There are various lesions that appear as white patches in the oral cavity. Most of these lesions are noncancerous and do not require any treatment. Read the article to know more about such lesions.
The oral cavity is an overlapping area among different medical specialties, such as otolaryngology (ENT), maxillofacial surgery, dentistry, and oncology. The oral cavity overlaps so many specialties because of its role as a shared pathway for food, liquids, and even air in some cases. The oral cavity is the door for the gastrointestinal system. Any oral lesion, even a small lesion, can affect our ability to eat, speak, and our appearance. All the diseases of the oral cavity cannot be covered in a single article because a single oral disease can be discussed from multiple points of view according to the specialty of the writer himself. In this article, I have discussed white oral lesions from an otolaryngology point of view.
Clinically, oral lesions can be classified according to the color into:
The importance of discussing white oral lesions is not only due to its rate but also the susceptibility for malignant transformation of some lesions, such as lichen planus and leukoplakia. Oral white lesions can also be classified into:
Congenital lesions are lesions that are present at birth and may be noticed later during life like leucoderma, white sponge nevus, dyskeratosis congenita, and hereditary benign intraepithelial dyskeratosis.
1) Leucoderma - presents as a grey or white patch most commonly on the oral cavity mucosa. Wrinkles of the white patch disappear while stretching the oral mucosa. The most affected oral part is the buccal mucosa.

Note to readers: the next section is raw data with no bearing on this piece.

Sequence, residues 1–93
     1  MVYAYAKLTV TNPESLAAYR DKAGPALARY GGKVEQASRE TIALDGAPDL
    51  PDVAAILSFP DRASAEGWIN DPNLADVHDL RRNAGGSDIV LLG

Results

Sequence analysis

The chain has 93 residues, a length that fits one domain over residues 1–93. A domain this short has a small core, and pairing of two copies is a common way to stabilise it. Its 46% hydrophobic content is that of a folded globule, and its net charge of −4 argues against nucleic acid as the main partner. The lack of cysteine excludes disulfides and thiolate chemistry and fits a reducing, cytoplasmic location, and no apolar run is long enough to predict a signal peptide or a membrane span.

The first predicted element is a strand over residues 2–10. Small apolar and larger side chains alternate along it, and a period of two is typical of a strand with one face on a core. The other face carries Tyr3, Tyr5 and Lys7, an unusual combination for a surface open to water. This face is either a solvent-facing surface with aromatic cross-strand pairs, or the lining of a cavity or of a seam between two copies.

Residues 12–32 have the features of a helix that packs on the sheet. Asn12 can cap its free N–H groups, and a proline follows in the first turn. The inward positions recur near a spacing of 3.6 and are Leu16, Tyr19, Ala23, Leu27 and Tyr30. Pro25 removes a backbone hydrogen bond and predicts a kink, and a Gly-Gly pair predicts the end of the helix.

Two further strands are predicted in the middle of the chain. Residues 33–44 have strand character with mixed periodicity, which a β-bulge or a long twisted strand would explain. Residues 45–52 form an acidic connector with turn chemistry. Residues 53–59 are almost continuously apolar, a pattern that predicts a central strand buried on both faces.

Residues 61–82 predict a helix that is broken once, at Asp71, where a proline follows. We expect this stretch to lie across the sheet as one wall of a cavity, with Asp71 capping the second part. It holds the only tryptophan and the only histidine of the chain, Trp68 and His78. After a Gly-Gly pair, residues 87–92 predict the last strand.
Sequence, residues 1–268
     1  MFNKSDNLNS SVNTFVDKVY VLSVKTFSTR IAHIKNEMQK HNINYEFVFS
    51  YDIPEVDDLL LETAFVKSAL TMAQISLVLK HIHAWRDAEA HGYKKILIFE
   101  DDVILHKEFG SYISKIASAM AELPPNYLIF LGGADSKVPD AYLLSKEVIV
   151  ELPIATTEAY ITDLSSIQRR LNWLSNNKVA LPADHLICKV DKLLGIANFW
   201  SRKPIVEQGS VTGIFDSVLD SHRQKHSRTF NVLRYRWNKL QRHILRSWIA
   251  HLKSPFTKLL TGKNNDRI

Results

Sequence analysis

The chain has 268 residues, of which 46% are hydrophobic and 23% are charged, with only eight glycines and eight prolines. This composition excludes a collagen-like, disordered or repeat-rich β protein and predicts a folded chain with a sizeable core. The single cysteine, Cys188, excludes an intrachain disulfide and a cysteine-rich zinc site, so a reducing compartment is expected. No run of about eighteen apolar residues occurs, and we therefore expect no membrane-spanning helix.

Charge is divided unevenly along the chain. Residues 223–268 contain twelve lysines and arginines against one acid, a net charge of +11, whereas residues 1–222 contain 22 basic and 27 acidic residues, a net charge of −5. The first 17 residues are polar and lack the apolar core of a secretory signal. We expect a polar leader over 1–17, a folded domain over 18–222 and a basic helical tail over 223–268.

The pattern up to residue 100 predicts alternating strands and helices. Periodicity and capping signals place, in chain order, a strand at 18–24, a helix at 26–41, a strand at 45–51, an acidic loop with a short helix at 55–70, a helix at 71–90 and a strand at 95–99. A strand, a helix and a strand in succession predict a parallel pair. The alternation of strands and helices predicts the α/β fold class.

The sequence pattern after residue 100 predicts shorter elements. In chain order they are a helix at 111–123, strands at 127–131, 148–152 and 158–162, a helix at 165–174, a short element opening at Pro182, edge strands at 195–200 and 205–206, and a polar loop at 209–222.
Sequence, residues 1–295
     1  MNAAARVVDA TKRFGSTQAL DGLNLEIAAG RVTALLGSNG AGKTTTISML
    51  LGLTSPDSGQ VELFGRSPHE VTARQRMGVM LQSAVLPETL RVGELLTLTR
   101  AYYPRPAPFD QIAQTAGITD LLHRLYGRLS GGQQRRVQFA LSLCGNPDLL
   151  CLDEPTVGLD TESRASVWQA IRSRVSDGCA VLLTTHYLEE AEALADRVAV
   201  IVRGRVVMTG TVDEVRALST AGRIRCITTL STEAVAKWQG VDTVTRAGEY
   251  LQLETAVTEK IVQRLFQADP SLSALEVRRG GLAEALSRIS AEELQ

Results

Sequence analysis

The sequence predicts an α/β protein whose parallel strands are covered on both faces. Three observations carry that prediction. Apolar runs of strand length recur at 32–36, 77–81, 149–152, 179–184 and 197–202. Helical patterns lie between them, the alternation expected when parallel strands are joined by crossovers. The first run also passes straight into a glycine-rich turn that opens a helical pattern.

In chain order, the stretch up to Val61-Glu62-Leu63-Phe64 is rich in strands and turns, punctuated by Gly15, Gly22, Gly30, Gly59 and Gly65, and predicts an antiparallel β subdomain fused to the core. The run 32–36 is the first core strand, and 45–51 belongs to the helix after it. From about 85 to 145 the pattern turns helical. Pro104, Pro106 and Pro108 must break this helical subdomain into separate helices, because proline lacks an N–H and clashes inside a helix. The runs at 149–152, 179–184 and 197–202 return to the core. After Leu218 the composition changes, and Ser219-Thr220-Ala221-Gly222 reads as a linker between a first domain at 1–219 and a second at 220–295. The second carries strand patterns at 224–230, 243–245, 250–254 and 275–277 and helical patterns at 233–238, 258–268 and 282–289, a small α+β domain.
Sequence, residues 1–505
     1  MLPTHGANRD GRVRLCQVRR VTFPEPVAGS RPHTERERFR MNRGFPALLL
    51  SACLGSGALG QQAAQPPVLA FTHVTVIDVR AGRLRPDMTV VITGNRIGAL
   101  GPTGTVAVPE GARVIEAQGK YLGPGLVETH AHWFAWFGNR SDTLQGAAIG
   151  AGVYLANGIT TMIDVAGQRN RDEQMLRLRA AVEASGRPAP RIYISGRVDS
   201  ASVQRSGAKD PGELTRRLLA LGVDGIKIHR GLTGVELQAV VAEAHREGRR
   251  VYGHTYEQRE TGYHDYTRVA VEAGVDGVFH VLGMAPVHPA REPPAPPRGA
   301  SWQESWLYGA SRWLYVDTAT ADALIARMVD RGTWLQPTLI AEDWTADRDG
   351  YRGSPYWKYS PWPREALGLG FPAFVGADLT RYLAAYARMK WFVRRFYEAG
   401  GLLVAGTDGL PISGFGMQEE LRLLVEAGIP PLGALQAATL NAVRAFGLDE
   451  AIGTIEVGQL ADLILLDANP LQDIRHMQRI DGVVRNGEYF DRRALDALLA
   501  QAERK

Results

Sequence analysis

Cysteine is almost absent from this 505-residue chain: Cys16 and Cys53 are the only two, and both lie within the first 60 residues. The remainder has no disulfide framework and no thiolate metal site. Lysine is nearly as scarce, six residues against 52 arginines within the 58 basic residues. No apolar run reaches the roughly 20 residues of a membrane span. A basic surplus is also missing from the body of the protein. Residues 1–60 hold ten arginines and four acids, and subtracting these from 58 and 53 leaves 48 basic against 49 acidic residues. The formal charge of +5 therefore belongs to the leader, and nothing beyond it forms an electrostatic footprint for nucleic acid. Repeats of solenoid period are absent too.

2) White Sponge Nevus - is presented after birth or in early childhood and even in adolescence. It takes the shape of raised, corrugated, white spongy plaques, which affect most commonly the oral mucosa, bilaterally. It can also affect the soft palate, the floor of the mouth, and alveolar mucosa. White sponge nevus can cause difficulty in swallowing when it affects the esophagus.
3) Dyskeratosis Congenita - is a bone marrow failure syndrome. So, it is a disease that affects many systems of the body. The most important oral manifestation here is bullae formation, followed by eruptions. Dyskeratosis congenita is also presented by developmental delay, liver failure, hypothyroidism, microcephaly, and many other manifestations.
4) Hereditary Benign Intraepithelial Dyskeratosis - is presented in childhood by the same manifestation of white sponge nevus, which is described before. It has raised corrugated white plaques and in addition to an ocular involvement in the form of white thick opaque gelatinous plaques on the mucous membrane lining the inner surface of the eyelids and the eyeball adjacent to the cornea. The lesion can also affect the cornea, producing blindness which needs an ophthalmology interference.
All the above-mentioned congenital lesions do not require any medical interference and are not premalignant except dyskeratosis congenita, which requires a bone marrow transplantation. Moreover, it has a thirty percent potential of malignant transformation into leukoplakia.